Have you ever found yourself experiencing pain, tension, or stiffness in your hips or glute muscles? Having either hip pain and a ‘pain in the butt’ can, truly, be a pain in the butt, especially when you’re not sure what’s causing it or how to find relief for it.
What is it that causes tension in the hips and glutes, anatomically speaking? What changes are needed so you can find relief and start moving freely and easily again? To help you out, I’ll show you how to help you address the causes and start feeling your best again.
A Quick Rundown of the Anatomy of the Hips and Glutes
Before we begin the tutorial, it’s best that you understand the terminology used when discussing this region in your body. Here are the key terms worth knowing:
- Pelvis – The pelvis is a collection of bones that, together, form a bowl shape that runs the width of your body from hip to hip. It’s essential for supporting your spine and internal organs, as well as forming the hip socket and is where the hip attaches.
- Hip Flexors – These muscles are used to perform the hip’s flexing motion, which allows you to raise your knees toward your chest.
- Hip Rotators – Several muscle groups contribute to the hip’s rotation, allowing it to stretch and move in all directions.
- Hip Extensors – These muscles are used to extend or open up the front of the hip.
- Glutes – Your glutes are your buttocks, the largest muscles in the body, and a hip extensor muscle.
Now that the medical jargon is done, let’s move on to to how to fix things. The bottom line to know here is that while hip pain can be super annoying, it doesn’t need to take over your life or keep you from doing activities you love. In fact, with a little guidance below, you can start on your recovery today!
Tutorial for Relief from Hip Pain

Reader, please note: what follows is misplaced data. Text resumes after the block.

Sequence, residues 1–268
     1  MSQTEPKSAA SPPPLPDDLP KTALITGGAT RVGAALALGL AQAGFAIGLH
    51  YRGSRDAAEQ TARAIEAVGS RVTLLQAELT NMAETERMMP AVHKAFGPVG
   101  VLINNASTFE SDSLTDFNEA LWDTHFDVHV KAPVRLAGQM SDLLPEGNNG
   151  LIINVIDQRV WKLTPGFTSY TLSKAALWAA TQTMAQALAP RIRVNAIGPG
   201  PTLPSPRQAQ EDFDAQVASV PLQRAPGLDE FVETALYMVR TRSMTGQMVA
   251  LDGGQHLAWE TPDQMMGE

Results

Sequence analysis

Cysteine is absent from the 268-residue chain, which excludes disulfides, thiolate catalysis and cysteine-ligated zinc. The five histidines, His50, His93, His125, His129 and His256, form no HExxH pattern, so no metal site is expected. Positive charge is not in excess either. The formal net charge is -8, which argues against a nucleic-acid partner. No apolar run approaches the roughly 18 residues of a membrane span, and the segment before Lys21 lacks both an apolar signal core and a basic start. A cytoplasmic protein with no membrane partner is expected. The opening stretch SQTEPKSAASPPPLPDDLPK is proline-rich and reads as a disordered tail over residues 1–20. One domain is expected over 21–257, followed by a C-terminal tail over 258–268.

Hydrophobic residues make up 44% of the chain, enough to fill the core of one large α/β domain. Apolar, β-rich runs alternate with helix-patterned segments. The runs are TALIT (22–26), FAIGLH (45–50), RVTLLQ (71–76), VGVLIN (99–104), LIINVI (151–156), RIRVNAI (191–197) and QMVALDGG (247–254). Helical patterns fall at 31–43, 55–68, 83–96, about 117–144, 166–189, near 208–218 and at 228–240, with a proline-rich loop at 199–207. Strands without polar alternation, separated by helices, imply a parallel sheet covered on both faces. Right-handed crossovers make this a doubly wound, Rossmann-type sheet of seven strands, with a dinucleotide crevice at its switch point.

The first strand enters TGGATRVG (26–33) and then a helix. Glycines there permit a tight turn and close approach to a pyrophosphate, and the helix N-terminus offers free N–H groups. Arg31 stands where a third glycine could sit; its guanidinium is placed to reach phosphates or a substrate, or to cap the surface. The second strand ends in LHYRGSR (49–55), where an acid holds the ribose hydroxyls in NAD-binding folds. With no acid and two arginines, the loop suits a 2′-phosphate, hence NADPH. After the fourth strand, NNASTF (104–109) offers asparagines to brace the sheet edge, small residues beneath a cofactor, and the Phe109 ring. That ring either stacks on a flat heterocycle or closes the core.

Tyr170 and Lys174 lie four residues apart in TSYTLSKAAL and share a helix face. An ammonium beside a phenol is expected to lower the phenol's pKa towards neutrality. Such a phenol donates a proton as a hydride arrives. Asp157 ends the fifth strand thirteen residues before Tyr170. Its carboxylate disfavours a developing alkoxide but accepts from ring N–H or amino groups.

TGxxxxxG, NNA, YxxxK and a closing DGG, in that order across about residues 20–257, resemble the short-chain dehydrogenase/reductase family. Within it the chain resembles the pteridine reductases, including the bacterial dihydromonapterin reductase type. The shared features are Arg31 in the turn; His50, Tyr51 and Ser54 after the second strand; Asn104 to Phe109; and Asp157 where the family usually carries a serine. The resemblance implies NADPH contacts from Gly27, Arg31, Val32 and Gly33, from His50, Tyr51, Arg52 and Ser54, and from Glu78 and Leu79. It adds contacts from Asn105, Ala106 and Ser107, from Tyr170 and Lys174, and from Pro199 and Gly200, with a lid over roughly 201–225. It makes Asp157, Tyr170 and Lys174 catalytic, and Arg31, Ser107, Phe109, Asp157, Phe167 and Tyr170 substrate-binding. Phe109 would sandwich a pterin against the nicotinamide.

1. Counteract Sitting with a Hip Extension exercise
As you may already know, sitting and repetitive movements can lead to pain and stiffness over time. Thankfully, however, these issues are completely fixable! When we sit in one position for a long time or spend a long time doing a motion that overworks a part of our body, it’s important to counteract it with some opening of the hips, the job of the glutes.
Sitting can make our hip flexors tight and our hip extensors weak. The good news is, this can be fixed! This simple motion can dramatically strengthen your various hip muscles over time, helping to find relief and start feeling your best. Here’s how to do it:
- Face a wall and put your hands against it at shoulder height.
- Lift one foot up as if you’re about to take a step forward and lean forward. You may need to move your standing leg back slightly.
- With your other foot on the floor, see how it feels to try ‘pushing the wall over’ by engaging your glute muscles on the weight-bearing leg.
- The glute muscle (butt cheek) of your standing leg should tense and slightly push your pelvis forward.
- Still pushing, think about how it would feel to be trying to push a stopped car. Apply more force and see if you can get any more tension and activation from your standing leg’s glute muscle.
- Hold this muscle activation for five seconds, then repeat 15 times on the same leg.
- Switch legs and repeat 15 reps on the other leg.
2. Deep Squat for Back and Hip release work
In my work as a physiotherapist, I support having a sense of curiosity, and allow my clients to explore what each movement feels like in each position. This next exercise is a great way to ensure the hip joint is seated deeply in its socket and gets a great back stretch and release of the deep hip rotator muscles that can hold too much tension in our day to day lives.